therefore, company could not have sold the said apartments.

 Secondly, flats sold by the company belonged to Respondent no. 2’s

share. Flats alleged to have been sold in excess bearing No. 002, 301,

304, 404.

10. Pursuant to this complaint, FIR No. 185/2016 dated 29.03.2016, was

registered against Appellant No. 1 and 2 for offences punishable under section

420 read with 34 of Indian Penal Code. Appellants herein, thereby approached

the High Court of Karnataka seeking quashing of the said FIR invoking Section

482 of CrPC. Further on 29.03.17 charge sheet was filed against the appellants

for offences under sections 406, 419, 420 read with Section 34 of the Indian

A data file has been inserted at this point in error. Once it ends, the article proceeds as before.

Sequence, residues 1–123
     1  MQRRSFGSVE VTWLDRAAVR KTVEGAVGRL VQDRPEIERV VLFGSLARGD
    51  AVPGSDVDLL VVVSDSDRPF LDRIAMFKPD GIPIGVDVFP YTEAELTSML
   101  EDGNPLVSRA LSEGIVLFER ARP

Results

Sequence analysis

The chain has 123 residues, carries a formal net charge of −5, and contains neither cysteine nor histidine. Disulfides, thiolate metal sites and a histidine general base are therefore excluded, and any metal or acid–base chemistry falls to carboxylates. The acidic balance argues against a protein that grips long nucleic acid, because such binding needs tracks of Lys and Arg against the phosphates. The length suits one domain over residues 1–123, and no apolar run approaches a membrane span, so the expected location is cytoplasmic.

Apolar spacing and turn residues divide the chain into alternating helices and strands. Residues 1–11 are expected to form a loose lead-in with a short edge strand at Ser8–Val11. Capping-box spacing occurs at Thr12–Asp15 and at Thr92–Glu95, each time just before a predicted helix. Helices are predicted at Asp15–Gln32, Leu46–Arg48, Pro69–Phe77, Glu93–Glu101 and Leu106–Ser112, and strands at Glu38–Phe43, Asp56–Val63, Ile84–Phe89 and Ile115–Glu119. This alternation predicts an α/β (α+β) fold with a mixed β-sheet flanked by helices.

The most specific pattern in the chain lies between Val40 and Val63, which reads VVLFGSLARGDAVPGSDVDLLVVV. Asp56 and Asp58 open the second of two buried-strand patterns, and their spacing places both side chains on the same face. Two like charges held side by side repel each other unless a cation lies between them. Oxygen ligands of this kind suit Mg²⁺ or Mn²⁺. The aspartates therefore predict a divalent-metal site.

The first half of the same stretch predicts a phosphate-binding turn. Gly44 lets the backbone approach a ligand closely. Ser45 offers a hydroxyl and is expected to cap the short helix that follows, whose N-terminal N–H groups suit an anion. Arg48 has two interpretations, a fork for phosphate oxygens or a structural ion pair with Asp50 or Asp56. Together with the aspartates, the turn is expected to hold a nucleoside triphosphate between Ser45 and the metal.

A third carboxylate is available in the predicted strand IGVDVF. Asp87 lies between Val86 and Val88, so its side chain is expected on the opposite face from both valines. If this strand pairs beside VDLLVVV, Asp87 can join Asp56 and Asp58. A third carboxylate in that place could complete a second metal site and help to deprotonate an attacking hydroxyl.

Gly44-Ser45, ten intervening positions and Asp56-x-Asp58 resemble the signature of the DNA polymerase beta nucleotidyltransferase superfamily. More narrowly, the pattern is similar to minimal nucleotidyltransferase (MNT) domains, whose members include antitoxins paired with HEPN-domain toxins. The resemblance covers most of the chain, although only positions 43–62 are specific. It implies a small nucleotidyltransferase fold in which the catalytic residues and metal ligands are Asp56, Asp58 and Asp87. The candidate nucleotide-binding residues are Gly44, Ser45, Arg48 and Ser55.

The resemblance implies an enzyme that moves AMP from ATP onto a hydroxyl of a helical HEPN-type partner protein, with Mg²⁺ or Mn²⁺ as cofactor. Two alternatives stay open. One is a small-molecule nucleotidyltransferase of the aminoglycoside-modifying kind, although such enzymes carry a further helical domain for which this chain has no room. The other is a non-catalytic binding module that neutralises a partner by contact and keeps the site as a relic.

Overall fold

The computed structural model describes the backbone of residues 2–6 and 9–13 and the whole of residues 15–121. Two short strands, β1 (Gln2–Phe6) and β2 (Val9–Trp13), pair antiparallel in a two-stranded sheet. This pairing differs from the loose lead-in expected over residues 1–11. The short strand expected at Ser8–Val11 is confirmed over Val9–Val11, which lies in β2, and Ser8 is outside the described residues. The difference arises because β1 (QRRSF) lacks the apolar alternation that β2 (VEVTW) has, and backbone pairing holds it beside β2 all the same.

Penal Code, which was also sought to be quashed in the said proceedings.
4

11. Meanwhile, in the arbitration proceedings, the arbitrator partly allowed

the claims of the Appellants as well as Respondent No. 2. The arbitrator held

that unilateral revocation of GPA by Respondent no. 2 was illegal and that the

company had the right to effectuate sale agreements/sale deeds in terms of

MoU. Furthermore, regarding the question of sale of four excess flats by the

Appellants, the question was left unanswered in the arbitral award as

Respondent No. 2 had withdrawn his claim prayed for in paras (e), (f) and (g) of

the written submissions in light of pending civil proceedings, with liberty to

pursue the issue in those proceedings. Prayer in para (f) in particular being:-

“directing the Applicant/Developer to evict and remove the

present occupants of Flat No. 002, 301, 304 & 404 and deliver

possession of the said Flats, redoing and refurbishing the

interiors, as if it was a new Flat, with Occupancy Certificate